Automated self-checkout hit retailers in Japan last year, and soon the UK could score a slice of the IoT fintech action.
A London-based start-up has raised £1.65m seed funding for its “scan, pay, leave” mobile fintech service. MishiPay aims to kick-start Britain’s IoT retail connectivity with its personal self-checkout payment system.
Founders of the fintech start-up point to the fact that $200bn is lost in sales globally each year owing to queuing. MishiPay aims to cut queue waiting times for low-priced items with its rapid mobile payment method, which also informs users of available offers or discounts. Software engineers at MishiPay say the transaction time is just 15 seconds.
The patent-pending tech enables a customer to scan the barcode of the item they are holding, pay for it on their smartphone and walk out of the shop. Developers promise a personalised shopping experience with the option to “tap on an item to view details and read exclusive Stories of your product”. Details of manufacture origin are also included for the ethically-minded customer.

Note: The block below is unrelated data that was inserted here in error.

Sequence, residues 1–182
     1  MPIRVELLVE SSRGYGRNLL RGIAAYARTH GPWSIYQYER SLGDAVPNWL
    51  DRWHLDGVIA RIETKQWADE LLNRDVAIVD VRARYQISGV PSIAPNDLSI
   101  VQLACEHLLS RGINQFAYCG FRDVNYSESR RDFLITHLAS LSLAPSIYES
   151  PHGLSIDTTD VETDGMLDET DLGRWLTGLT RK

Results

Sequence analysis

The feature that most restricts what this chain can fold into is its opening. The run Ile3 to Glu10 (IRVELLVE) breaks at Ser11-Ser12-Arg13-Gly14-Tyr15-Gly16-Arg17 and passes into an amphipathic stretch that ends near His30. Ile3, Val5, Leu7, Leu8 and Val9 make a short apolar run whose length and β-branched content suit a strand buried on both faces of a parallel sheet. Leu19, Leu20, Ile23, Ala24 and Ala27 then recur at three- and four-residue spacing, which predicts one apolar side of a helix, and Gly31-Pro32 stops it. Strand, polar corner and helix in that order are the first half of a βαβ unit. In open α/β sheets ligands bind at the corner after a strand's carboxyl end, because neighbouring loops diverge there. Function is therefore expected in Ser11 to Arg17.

MishiPay co-founder Mustafa Khanwala told TechCrunch: “We are solving the problem of the divide between the in-store and e-commerce experience and aiming to bridge that and bring the best of both worlds together for shoppers and stores.
“I understand though that this is a humongous task of tackling a $25 trillion industry and so the aim is to start by first solving one of the biggest problems that have plagued the in-store checkout experience for decades: queuing.”
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Edward Westenberg, Business Development Manager at Cisco, who has partnered with the MishiPay team, said: “By combining frictionless mobile payment at the moment of truth with automated transaction verification, retailers will benefit from an increase in impulse buying, while Shoppers will love not having to queue. Mishipay is the first to make this unique concept a reality.”
Apple has already made waves in the mobile fintech sector, introducing contactless Apple Pay in June 2015. This week, the firm launched Apple Pay Cash, enabling iOS 11.2 users in the US to transfer petty cash to friends over the iMessage and Wallet apps.
Android versions are available through several major banks including Barclaycard, HSBC, Lloyds, BoS and more. However, none yet offer the Internet of Things connectivity with barcode scans. Evidently, if the mobile pay sector takes off in stores, battery life will have to keep pace to support the trend. One advantage of a plastic card is, of course, that it will not run out of juice.
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